Remember, the Bible is a mental thing, not a category that can hold any number of things, or edits. Reflecting upon the ocean analogy, an ocean can
still be called an ocean if the fish are dying, oil slicks abound and the polar caps are melting. But the Bible can not be called the same thing if
it's so corrupted. It would be a different piece of work. Refer to my above post for why the Bible (or any work of literature, actually) is different
from a physical thing and how changes (esp. many of them) really do affect the whole. Then reflect upon the first paragraph in my opening statement,
on how humans filter everything. Hopefully, it's clear how two dynamic sources can easily result in something not given by God.
A change in the Bible, if from God
via communion, is a warranted change, I concede that. However, what I do not concede is the premise that
every change in the Bible was delivered from God. Free will puts the possibility to very low chances. The number of authors puts the possibility to
very low chances. The number centuries the Bible has been edited puts the possibility to very low chances. So I give it very very and very low chances
of being a product of God's guidance. But, hey, we're debating about the Bible here and that implicitly involves faith, so I should also show that
Biblical revisions left God out.
I'll say it straight: God gives sometimes when you don't ask and sometimes when you do ask. It's a matter of faith whether it happened or not.
Stumpy and I can not logically prove that something was or was not divinely inspired.
But if the entire Bible was faithfully written, then why, in revision, do the following discrepancies exist? (Please remember that God did not create
Everything, as we agree. Maybe everything, but we're still actors on that stage.)
1. Criteria for gender revisionism:
A set of norms for gender revisionism that says nothing of specifically asking God for advice. It reads almost like a secular translation key. See
these Norms for Revision, by Cardinal Joesphy Ratzinger.(1) Asking God for advice is pretty important if the whole Bible is to be by God. I doubt
something so important would be left to chance, or worse, left out.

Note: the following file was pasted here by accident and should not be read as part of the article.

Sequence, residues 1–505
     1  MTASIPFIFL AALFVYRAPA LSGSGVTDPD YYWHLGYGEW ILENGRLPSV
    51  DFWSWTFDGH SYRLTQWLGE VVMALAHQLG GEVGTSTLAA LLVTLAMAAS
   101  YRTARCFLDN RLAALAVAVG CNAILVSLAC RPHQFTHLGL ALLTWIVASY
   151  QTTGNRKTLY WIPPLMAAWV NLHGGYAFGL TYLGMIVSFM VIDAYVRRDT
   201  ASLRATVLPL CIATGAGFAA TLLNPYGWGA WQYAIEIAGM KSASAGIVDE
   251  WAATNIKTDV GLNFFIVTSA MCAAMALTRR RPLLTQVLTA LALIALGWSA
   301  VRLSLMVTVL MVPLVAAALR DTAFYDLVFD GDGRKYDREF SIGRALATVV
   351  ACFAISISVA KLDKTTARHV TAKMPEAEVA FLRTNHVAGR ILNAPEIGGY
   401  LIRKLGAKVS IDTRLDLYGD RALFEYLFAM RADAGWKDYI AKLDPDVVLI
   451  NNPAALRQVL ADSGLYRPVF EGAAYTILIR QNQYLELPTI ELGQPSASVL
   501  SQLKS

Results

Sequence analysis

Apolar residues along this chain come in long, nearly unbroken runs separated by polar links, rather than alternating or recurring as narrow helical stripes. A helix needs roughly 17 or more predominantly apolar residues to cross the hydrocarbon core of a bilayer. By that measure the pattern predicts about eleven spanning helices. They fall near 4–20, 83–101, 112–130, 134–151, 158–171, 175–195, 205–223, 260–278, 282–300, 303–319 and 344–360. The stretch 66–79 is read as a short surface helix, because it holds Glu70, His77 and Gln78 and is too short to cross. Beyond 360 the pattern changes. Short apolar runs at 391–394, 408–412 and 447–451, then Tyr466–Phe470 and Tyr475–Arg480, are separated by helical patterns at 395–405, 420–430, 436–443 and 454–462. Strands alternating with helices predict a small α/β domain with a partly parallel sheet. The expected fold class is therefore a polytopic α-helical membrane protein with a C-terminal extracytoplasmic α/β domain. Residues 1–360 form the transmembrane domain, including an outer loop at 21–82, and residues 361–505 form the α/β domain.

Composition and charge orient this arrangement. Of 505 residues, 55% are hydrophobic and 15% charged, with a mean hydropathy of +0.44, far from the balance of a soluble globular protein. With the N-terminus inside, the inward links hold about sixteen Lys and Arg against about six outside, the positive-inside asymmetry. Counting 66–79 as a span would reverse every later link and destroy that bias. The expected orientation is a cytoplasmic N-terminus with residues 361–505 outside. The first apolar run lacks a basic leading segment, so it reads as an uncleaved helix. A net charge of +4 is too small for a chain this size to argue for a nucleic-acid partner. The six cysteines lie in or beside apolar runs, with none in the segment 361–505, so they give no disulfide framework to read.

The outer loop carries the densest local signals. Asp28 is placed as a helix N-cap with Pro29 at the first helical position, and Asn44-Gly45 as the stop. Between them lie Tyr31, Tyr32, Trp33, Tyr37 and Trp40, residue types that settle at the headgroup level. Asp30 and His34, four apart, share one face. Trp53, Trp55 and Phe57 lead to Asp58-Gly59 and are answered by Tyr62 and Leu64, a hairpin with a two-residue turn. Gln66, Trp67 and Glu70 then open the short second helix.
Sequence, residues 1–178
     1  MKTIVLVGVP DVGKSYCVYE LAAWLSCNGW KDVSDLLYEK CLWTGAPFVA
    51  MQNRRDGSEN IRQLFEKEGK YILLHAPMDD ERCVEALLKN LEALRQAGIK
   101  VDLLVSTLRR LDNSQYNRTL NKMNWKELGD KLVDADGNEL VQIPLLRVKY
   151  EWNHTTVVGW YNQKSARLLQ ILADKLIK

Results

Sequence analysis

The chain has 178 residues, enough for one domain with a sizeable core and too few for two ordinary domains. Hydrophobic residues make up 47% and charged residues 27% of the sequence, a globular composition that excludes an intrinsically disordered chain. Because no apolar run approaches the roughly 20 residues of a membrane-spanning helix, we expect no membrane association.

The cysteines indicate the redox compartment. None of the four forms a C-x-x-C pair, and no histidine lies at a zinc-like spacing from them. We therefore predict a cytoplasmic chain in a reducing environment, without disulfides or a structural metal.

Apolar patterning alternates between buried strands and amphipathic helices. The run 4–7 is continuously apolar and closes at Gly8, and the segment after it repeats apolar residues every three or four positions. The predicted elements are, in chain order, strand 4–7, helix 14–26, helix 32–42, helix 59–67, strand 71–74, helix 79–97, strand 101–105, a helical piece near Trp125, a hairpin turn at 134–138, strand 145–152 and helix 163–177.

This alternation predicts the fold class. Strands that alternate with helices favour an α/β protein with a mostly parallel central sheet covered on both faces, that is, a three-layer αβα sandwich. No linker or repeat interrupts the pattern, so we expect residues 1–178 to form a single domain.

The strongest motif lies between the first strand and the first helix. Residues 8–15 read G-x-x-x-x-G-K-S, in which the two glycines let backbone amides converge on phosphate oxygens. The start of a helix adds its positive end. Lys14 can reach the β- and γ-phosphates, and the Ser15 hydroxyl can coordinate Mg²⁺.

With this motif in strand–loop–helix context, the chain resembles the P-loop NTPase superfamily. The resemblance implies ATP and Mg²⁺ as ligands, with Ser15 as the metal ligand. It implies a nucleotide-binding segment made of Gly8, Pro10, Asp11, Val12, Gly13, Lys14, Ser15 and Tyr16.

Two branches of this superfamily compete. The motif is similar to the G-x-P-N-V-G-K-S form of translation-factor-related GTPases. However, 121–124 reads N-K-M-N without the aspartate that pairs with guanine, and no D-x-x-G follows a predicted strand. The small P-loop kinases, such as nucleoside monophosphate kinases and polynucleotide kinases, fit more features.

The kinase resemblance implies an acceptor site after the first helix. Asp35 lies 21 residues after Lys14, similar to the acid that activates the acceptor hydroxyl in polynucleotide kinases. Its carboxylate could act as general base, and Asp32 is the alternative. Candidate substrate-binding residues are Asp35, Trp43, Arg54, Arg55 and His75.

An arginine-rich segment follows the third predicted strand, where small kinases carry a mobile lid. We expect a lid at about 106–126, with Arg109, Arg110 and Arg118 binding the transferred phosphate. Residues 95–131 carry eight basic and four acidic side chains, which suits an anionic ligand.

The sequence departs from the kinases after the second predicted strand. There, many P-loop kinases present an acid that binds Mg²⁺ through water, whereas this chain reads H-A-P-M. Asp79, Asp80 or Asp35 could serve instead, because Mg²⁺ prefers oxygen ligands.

Why is there a conflict between the Liturgiam authenticam, the authentic Liturgy from the Vactican, no less, and the Neo-Vulgate, from the United
States Conference of Catholic Bishops.(2) These are documents coming from two heavy weight institutions who pray to God all the time. If both are
faithful than why is this happening?
Apocrypha writings, often not included in Protestant Bibles, were included in the original King James Bible. But they exist in the Roman Catholic and
Orthodox editions. These writings are also known as "deuterocanonical" books and "pseudoepigrapha". Apocrypha refers to writings entirely outside
of the bible and are not considered to be inspired (like the Gospel of Thomas, etc.). Why are they in some Bibles but not others? Something, or
someone, got left out.
In all three cases there is an explicit lack of faith (or asking) and zeal to change the Bible. One can only imagine how frequently "errors",
meaning changes not given by God, can occur over many centuries.
Now I'll address a more secular point about changing not destroying. Changing does destroy, especially when it adds up. In a small part, Stumpy has
already agreed with me; let me clearly point out: " ... physical form of the Bible does not matter
... It could be written in sticks and
stones.", yet, "changing a 'thou' to a 'you' is [a] minor change.
." (italics mine) Obviously, in the mental sphere, changing the content
is exactly that, a change. These changes add up and result in a different piece of work. From reviewing the above three examples we should note that
revisionism has not referred to God in all cases, that the Bible has been revised many times and Biblical institutions, who pray a lot, do not agree
with other, as brothers and sisters should. With any confusion of responsibility, biblical edits should rest solely with Man, and the number and
duration of edits therefore result in a Bible by Man and through Man. Whew!
(1) Cardinal Joseph Ratzinger, The National Catholic Reporter: www.cin.org...
(2) Adoremus, Vol. VII, No. 6: September 2001, online edition (www.adoremus.org...